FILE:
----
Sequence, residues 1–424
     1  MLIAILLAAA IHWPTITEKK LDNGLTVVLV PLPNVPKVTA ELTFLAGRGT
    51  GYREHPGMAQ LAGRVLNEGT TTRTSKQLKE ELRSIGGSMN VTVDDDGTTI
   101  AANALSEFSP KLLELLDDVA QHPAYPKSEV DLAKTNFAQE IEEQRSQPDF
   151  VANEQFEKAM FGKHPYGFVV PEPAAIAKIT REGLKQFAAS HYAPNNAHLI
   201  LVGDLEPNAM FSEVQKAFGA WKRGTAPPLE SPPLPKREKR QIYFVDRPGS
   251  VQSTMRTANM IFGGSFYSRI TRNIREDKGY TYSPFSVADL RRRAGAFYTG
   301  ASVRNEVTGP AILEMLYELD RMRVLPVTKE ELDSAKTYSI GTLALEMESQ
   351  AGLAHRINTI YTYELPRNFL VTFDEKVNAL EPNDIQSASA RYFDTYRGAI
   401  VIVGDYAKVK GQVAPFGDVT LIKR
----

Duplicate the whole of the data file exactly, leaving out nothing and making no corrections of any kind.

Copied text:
Sequence, residues 1–424
     1  MLIAILLAAA IHWPTITEKK LDNGLTVVLV PLPNVPKVTA ELTFLAGRGT
    51  GYREHPGMAQ LAGRVLNEGT TTRTSKQLKE ELRSIGGSMN VTVDDDGTTI
   101  AANALSEFSP KLLELLDDVA QHPAYPKSEV DLAKTNFAQE IEEQRSQPDF
   151  VANEQFEKAM FGKHPYGFVV PEPAAIAKIT REGLKQFAAS HYAPNNAHLI
   201  LVGDLEPNAM FSEVQKAFGA WKRGTAPPLE SPPLPKREKR QIYFVDRPGS
   251  VQSTMRTANM IFGGSFYSRI TRNIREDKGY TYSPFSVADL RRRAGAFYTG
   301  ASVRNEVTGP AILEMLYELD RMRVLPVTKE ELDSAKTYSI GTLALEMESQ
   351  AGLAHRINTI YTYELPRNFL VTFDEKVNAL EPNDIQSASA RYFDTYRGAI
   401  VIVGDYAKVK GQVAPFGDVT LIKR